Surprising Household Uses for Vodka (Other Than Drinking It)
Spare your liver and put that bottle to better use.
Whether you’re dealing with the funk of a teenager’s gym bag, or you have a stubborn carpet stain, look no further than a good ol’ bottle of cheap vodka. At around $7, it’s one of the cheapest and most versatile cleaning agents in your cupboard—except for possibly vinegar (but without the pungent smell).
Here’s how you can use a spray bottle of vodka to clean your home.
In the Kitchen
Vodka makes for an efficient degreaser that’s safe to use on kitchen appliances and surfaces, such as stainless steel stoves, marble countertops, and wooden cutting boards. But take note that vodka, at around 40% alcohol by volume, is not a disinfectant.
“Alcohol concentrations below 60% do a very poor job of killing bacteria and viruses," says Andre P. Walther, Ph.D., associate professor and director of Genetic Engineering in the Department of Biological Sciences at Cedar Crest College in Allentown, PA. He notes that vodka is not a substitute for good old-fashioned soap and warm water when it comes to sanitizing surfaces.
That said, for general tidying up and as a quick, last-minute wipe down before company arrives (that won’t leave your kitchen smelling like vinaigrette), vodka is the way to go.
The spirit is also useful for removing adhesive left behind from stickers or labels on things like plastic storage bins or other containers. Either spray it on, or dab it on a cotton ball, and saturate the sticky bits. The vodka will soften and loosen it enough to be rubbed away.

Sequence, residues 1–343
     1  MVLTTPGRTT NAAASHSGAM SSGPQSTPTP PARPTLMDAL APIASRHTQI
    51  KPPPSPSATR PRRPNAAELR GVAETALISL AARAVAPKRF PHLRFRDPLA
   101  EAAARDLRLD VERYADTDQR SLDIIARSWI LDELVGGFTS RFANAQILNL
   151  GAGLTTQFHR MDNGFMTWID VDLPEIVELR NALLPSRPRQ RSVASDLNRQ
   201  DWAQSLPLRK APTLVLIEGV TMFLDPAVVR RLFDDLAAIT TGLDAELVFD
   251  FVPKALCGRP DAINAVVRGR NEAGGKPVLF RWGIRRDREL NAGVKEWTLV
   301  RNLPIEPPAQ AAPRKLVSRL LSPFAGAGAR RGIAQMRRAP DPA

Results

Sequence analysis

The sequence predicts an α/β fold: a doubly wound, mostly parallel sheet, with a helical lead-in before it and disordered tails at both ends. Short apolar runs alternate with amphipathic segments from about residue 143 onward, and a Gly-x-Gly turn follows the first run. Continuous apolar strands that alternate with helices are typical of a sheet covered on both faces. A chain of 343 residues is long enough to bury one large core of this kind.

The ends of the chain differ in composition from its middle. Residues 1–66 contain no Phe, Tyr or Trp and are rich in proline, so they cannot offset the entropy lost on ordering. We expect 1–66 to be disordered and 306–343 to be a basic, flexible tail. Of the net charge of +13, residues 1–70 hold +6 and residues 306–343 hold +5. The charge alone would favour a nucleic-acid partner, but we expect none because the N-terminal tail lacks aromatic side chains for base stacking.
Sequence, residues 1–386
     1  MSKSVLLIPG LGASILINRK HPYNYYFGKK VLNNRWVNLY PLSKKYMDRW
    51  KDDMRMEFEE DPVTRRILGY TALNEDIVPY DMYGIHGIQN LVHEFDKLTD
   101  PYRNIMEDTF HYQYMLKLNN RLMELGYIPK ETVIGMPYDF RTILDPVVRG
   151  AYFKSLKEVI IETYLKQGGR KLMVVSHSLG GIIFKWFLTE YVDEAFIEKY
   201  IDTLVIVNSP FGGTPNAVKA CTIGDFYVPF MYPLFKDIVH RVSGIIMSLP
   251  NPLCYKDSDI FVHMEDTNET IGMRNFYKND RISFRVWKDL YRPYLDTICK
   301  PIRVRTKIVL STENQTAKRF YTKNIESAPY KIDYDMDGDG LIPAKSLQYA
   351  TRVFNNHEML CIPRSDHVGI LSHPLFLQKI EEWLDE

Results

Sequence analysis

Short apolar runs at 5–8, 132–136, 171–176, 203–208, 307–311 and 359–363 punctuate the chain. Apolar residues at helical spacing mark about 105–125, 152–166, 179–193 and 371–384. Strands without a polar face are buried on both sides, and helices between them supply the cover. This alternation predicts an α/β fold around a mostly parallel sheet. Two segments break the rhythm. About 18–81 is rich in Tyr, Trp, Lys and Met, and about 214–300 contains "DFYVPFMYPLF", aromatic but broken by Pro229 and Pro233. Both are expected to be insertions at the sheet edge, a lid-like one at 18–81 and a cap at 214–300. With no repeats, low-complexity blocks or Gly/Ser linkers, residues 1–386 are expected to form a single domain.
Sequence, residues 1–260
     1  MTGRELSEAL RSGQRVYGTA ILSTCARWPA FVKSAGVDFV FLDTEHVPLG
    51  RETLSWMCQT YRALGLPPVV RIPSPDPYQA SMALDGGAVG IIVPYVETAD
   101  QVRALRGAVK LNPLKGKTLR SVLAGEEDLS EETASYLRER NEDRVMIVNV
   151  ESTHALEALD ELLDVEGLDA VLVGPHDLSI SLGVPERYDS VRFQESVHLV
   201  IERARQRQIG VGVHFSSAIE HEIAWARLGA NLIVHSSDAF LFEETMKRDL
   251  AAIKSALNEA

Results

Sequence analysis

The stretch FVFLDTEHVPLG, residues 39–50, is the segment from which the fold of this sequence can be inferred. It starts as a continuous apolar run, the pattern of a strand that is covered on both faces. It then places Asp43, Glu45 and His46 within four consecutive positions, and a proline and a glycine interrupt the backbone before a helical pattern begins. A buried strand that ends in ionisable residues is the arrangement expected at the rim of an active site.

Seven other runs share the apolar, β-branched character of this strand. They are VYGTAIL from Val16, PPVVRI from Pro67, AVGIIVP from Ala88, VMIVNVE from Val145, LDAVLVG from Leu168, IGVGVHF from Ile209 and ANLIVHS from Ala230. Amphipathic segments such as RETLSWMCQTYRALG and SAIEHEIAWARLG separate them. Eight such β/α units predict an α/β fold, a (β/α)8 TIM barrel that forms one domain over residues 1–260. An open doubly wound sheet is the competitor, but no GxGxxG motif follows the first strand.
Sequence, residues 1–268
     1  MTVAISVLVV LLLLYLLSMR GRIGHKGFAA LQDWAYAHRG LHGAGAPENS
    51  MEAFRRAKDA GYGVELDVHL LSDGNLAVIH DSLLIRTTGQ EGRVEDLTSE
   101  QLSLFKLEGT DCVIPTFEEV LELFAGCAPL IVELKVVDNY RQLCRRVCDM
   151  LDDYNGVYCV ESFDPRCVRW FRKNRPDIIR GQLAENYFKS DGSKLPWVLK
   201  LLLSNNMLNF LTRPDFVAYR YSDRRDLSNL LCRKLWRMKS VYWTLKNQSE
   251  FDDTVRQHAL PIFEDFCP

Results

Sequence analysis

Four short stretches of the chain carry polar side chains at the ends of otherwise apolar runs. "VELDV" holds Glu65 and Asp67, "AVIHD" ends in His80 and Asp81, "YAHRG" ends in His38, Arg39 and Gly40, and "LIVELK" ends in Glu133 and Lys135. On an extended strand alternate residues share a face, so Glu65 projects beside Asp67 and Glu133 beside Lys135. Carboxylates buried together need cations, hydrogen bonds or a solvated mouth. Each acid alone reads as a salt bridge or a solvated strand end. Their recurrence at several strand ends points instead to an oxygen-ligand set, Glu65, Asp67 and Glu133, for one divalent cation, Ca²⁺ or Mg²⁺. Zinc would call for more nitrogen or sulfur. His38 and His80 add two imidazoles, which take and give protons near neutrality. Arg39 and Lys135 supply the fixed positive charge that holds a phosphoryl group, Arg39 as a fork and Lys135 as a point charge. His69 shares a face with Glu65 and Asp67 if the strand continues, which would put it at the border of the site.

In the Bathroom
Spritz any mildew or soap scum in the shower or sink and let it sit for about 10 minutes. Rinse with warm water and wipe it clean.
As for windows and mirrors, you’ll be amazed at how well vodka works. They’ll actually be streak-free! And unlike when using vinegar or commercial cleaning products, you don’t have to move any toothbrushes or other personal items out of the way when you clean the mirror (in case any spray or mist falls on them). Once the vodka dries, it’s fine—and it dries fast. Vodka takes care of flecks of dried toothpaste, as well as smudges and fingerprints. It is the only thing I will ever use on my glass surfaces from now on.
In the Living Room or Bedroom
Just as vodka is a great mixer for cocktails, it’s also a great mixer for essential oils. Adding a couple drops of tea tree, thyme, eucalyptus, clove, or lavender not only makes the spray smell good, but these oils have antimicrobial and disinfectant properties of their own.
When mixed in this way, you can spritz it in a room as an air freshener. Or spray it as a deodorizer in shoes, gym bags and gear, garbage cans, or on mattresses or linens. (Always allow things to air dry before using or putting away.)
Vodka can also eradicate fresh carpet stains. First blot the stain, then spray it with vodka. After allowing it to sit for 10 minutes, blot again. Repeat as necessary. (While I can vouch that this worked on puppy puke on my own new bedroom carpet, not everyone may be comfortable trying out a DIY cleaner on such an expensive centerpiece of the home.)
Lastly, vodka can make your jewelry sparkle. Just be sure the jewelry is gold, silver (including sterling), tungsten, platinum, or stainless steel before giving it a brief soak in vodka.
The Bottom Line
Unlike the adage for cooking with wine—use only wine that you’d want to drink—you don’t want to use the good vodka you’re saving for martinis or vodka sauce. In fact, the cheaper the better. You can also stretch your vodka dollar by mixing it in a 50/50 solution with water. As always, when creating your own cleaning products, be sure to to label the bottle clearly.